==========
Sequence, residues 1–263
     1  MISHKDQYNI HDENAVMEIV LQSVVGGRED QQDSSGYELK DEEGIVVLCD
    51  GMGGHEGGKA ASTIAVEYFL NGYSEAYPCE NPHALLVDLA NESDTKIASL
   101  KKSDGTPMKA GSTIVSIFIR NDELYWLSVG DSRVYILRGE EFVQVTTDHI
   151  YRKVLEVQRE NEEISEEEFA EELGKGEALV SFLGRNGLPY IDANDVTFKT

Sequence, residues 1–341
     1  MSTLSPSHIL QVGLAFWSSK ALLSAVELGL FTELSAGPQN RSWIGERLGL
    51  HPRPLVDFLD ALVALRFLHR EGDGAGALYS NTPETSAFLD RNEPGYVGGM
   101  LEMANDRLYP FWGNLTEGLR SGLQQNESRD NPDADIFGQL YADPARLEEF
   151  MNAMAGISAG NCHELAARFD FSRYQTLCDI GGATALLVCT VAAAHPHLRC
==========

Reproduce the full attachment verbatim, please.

Sequence, residues 1–263
     1  MISHKDQYNI HDENAVMEIV LQSVVGGRED QQDSSGYELK DEEGIVVLCD
    51  GMGGHEGGKA ASTIAVEYFL NGYSEAYPCE NPHALLVDLA NESDTKIASL
   101  KKSDGTPMKA GSTIVSIFIR NDELYWLSVG DSRVYILRGE EFVQVTTDHI
   151  YRKVLEVQRE NEEISEEEFA EELGKGEALV SFLGRNGLPY IDANDVTFKT

Sequence, residues 1–341
     1  MSTLSPSHIL QVGLAFWSSK ALLSAVELGL FTELSAGPQN RSWIGERLGL
    51  HPRPLVDFLD ALVALRFLHR EGDGAGALYS NTPETSAFLD RNEPGYVGGM
   101  LEMANDRLYP FWGNLTEGLR SGLQQNESRD NPDADIFGQL YADPARLEEF
   151  MNAMAGISAG NCHELAARFD FSRYQTLCDI GGATALLVCT VAAAHPHLRC